icon-    folder.gif   Conference Reports for NATAP  
  22nd Conference on Retroviruses and
Opportunistic Infections
Seattle Washington Feb 23 - 26, 2015
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Rosuvastatin halts carotid artery wall thickening in placebo-controlled trial
  CROI 2015, February 23-26, 2015, Seattle, Washington
Mark Mascolini
Webcast: http://www.croiwebcasts.org/console/player/25791?mediaType=slideVideo&
Daily rosuvastatin stopped progression of common carotid artery intima-media thickness (cIMT), a recognized predictor of atherosclerosis, in a double-blind placebo-controlled trial that enrolled adults with low-density lipoprotein (LDL) cholesterol below 130 mg/dL [1]. The impact of rosuvastatin on cIMT appeared to be independent of protease inhibitor use, insulin resistance, or changes in LDL cholesterol.
Grace McComsey and Case Western Reserve University colleagues who conducted this trial noted that the impact of statins on primary prevention of cardiovascular disease in people with HIV remains unknown. Some research indicates that statins can reduce or reverse cIMT progression in HIV-negative people, although these drugs appear to be more effective in secondary prevention.
As part of the placebo-controlled SATURN-HIV trial, the Case Western team measured cIMT changes in the two study arms. SATURN enrolled HIV-positive adults taking antiretroviral therapy for more than 6 months. Everyone had a viral load at or below 1000 copies and fasting LDL ("bad") cholesterol at or below 130 mg/dL. Enrollees also had evidence of heightened immune activation. No one had cardiovascular disease, diabetes, or fragility fractures.
Previously reported effects of rosuvastatin in SATURN include decreased monocyte and lymphocyte activation, decreased NT-proBNP and Lp-PLA2 (predictors of cardiovascular disease in HIV-negative people), and increased insulin resistance [2-4]. The primary endpoint of the new analysis was cIMT change in the common carotid artery from baseline to week 96. Secondary endpoints were changes in carotid plaque and coronary artery calcification.
The 72 people randomized to rosuvastatin (10 mg daily) and the 75 randomized to placebo had median ages of 46 and 47. Men accounted for about 80% of the study group, and about 70% were black. Smokers made up 60% of the rosuvastatin group and 72% of the placebo group. Half of participants in each arm were taking a PI when they entered the study, and three quarters had a viral load below 50 copies. Median CD4 counts in the two study arms were above 600. Median LDL cholesterol measured 96 mg/dL in the statin group and 97 mg/dL in the placebo group. One third in the statin arm and 43% in the placebo arm had carotid plaque.
Two people randomized to rosuvastatin and 1 randomized to placebo stopped their study drug early. LDL cholesterol fell 21 mg/dL through 96 weeks in the statin arm while remaining nearly unchanged in the placebo arm, a significant difference (P < 0.05).
Average cIMT changed hardly at all through 96 weeks in the rosuvastatin group while climbing a fraction of a millimeter in the placebo arm, but the difference was statistically significant (P < 0.05). Prevalence of carotid plaque remained stable from baseline to week 96 in the statin group (33% and 32%) and in the placebo group (43% and 41%).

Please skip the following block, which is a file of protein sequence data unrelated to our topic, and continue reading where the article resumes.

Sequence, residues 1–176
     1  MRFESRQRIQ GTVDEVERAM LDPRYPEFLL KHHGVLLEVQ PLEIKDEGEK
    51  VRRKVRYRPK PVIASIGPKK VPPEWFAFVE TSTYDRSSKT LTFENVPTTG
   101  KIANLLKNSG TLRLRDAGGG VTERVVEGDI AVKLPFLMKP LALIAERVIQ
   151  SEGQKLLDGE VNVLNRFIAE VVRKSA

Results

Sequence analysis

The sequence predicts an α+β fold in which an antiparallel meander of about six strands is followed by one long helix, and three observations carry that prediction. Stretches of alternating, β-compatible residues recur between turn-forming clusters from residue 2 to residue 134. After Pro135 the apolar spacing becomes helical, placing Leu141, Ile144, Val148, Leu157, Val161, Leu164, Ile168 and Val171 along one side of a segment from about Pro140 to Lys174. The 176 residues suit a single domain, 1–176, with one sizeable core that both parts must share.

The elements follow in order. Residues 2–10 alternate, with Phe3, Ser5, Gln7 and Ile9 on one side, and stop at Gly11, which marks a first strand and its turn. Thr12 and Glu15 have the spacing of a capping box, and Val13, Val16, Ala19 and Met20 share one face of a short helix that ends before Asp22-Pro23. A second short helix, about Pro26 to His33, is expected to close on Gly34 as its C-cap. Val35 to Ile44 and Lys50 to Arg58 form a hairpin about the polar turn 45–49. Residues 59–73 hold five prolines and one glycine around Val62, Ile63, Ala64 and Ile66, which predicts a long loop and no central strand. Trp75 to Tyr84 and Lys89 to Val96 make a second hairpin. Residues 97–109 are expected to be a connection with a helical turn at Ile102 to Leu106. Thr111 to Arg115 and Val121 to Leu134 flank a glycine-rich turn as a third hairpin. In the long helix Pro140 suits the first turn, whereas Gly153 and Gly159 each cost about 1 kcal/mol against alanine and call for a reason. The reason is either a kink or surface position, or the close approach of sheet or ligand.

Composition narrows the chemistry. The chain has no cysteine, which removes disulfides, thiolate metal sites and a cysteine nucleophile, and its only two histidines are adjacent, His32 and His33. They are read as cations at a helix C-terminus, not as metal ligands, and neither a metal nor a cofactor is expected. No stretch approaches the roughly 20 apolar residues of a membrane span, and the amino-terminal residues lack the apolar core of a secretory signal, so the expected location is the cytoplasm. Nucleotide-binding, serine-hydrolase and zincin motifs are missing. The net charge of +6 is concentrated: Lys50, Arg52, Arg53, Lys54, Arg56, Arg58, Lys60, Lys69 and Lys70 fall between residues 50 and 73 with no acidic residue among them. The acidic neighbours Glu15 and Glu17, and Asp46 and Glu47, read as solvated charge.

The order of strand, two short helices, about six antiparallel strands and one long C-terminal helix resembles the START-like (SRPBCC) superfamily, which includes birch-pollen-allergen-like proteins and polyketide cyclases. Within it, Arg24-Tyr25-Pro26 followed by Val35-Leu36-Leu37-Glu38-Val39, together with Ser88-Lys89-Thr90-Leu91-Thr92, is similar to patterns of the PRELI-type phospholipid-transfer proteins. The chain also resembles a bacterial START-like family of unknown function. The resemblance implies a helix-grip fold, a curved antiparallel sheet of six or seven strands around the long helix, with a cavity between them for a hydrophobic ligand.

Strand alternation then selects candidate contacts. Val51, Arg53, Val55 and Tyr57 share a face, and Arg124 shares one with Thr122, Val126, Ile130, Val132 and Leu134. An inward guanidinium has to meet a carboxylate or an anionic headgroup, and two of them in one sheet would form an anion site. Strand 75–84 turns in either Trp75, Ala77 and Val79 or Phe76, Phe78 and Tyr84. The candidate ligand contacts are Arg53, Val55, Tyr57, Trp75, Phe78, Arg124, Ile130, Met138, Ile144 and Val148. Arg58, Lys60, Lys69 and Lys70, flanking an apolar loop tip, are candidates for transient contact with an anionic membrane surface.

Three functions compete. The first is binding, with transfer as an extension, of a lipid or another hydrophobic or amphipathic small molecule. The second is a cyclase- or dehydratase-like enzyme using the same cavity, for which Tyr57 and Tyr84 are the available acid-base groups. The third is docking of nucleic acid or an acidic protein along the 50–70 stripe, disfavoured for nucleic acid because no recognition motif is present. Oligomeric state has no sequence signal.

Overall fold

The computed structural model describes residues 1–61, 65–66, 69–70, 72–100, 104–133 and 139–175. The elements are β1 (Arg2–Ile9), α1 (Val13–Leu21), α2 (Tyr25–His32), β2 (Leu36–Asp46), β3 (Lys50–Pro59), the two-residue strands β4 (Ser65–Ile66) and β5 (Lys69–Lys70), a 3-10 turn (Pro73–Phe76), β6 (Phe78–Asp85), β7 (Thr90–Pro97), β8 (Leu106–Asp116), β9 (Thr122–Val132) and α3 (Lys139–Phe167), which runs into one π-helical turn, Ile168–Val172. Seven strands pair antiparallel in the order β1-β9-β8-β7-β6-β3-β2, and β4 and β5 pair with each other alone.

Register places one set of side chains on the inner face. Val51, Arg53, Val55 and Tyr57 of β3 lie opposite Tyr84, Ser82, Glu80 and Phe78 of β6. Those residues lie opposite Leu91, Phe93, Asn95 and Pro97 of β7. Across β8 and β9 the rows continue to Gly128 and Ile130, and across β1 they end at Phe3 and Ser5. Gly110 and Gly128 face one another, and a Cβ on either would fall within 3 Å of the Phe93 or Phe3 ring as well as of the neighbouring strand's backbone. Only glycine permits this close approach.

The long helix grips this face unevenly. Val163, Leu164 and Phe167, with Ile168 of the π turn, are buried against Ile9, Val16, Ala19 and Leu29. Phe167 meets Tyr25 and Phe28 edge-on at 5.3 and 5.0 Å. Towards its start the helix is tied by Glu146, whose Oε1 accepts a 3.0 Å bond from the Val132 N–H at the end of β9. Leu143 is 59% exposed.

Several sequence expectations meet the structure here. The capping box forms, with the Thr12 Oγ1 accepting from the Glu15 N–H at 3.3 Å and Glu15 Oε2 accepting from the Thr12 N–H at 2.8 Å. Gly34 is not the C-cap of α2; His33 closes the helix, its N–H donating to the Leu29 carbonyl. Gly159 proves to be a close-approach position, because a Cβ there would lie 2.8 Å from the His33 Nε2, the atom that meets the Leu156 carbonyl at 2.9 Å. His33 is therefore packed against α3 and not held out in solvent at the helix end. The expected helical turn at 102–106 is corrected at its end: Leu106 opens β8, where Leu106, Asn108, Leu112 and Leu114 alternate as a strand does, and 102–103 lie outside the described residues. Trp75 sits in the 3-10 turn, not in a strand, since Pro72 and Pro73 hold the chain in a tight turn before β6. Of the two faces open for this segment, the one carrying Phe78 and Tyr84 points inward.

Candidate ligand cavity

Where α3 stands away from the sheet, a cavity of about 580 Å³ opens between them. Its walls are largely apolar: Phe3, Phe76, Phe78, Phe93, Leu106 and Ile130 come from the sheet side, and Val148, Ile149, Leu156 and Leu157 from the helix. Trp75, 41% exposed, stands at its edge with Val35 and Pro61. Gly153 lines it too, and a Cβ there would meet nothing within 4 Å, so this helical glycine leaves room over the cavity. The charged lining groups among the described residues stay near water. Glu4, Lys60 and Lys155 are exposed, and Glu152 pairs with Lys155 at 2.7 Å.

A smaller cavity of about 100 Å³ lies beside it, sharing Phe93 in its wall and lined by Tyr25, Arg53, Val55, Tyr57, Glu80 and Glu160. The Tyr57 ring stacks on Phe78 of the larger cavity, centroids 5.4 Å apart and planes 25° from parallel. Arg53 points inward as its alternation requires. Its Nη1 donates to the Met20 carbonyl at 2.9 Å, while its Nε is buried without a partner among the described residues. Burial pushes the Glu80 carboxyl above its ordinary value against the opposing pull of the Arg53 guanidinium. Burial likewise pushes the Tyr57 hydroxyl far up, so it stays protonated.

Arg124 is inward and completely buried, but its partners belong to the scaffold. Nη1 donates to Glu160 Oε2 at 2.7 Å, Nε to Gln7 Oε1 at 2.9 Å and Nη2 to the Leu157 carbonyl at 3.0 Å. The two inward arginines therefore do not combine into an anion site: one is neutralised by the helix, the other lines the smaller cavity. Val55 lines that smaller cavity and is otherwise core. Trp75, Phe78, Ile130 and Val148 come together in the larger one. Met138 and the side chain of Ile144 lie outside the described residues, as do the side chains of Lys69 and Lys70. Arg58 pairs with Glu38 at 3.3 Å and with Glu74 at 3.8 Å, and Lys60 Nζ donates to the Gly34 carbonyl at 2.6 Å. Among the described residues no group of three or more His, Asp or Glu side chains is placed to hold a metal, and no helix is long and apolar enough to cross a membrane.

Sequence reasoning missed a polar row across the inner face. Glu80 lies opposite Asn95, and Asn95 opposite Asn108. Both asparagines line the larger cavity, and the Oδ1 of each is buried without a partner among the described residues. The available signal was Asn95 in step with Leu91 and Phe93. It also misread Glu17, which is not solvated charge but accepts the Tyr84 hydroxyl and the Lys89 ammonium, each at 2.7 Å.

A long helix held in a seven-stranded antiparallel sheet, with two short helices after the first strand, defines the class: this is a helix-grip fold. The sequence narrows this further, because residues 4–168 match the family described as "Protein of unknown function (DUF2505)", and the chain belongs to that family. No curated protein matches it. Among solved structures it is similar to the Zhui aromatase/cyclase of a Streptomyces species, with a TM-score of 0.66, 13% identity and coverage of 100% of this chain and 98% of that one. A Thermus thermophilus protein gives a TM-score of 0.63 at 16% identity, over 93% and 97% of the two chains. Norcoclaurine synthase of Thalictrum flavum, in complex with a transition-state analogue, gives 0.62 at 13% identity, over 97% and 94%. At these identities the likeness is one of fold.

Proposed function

In people with baseline coronary artery calcification, cIMT dropped fractionally in the statin group and rose slightly in the placebo group, a significant difference (P < 0.05). In the subgroup with coronary artery calcium at baseline, coronary artery calcium score remained around the same through 96 weeks in the statin arm while rising substantially in the placebo arm (P < 0.05).
Three factors predicted a bigger drop in cIMT: higher baseline cIMT, levels of IL-6 (an inflammation marker), and percentage of patrolling monocytes (CD14dimCD16 cells). Factors not associated with cIMT change were PI use and baseline levels or change in LDL cholesterol, insulin resistance (by HOMA-IR), CD4 count, C-reactive protein (an inflammation marker), and T-cell activation.
McComsey and colleagues concluded that "rosuvastatin arrests IMT progression" in HIV-positive people on antiretroviral therapy with LDL cholesterol below 130 mg/dL. In people with coronary artery calcification at baseline, they added, "rosuvastatin halts the progression of coronary artery calcium."
Another placebo-controlled trial detailed at this CROI session and reported separately by NATAP found that 1 year of atorvastatin significantly cut coronary artery plaque volume and number in HIV-positive people with subclinical atherosclerosis [5].
1. Longenecker CT Jiang Y, Debanne SM, et al. Rosuvastatin arrests progression of carotid intima-media thickness in treated HIV. CROI 2015. February 23-26, 2015. Seattle, Washington. Abstract 137.
2. Funderburg NT, Jiang Y, Debanne SM, et al. Rosuvastatin treatment reduces markers of monocyte activation in HIV-infected subjects on antiretroviral therapy. Clin Infect Dis. 2014;58:588-595.
3. Funderburg NT, Jiang Y, Debanne SM, et al. Rosuvastatin reduces vascular inflammation and T-cell and monocyte activation in HIV-infected subjects on antiretroviral therapy. J Acquir Immune Defic Syndr. 2015;68:396-404.
4. Dirajlal-Fargo S, Kinley B, Jiang Y, et al. Statin therapy decreases N-terminal pro-B-type natriuretic peptide in HIV: randomized placebo-controlled trial. AIDS. 2015;29:313-321.
5. Lo J, Lu MT, Ihenachor EJ, et al. Effects of statin therapy on coronary artery plaque volume and high-risk plaque morphology in HIV-infected patients with subclinical atherosclerosis: a randomised, double-blind, placebo-controlled trial. Lancet HIV. 2015;2:e52-e63.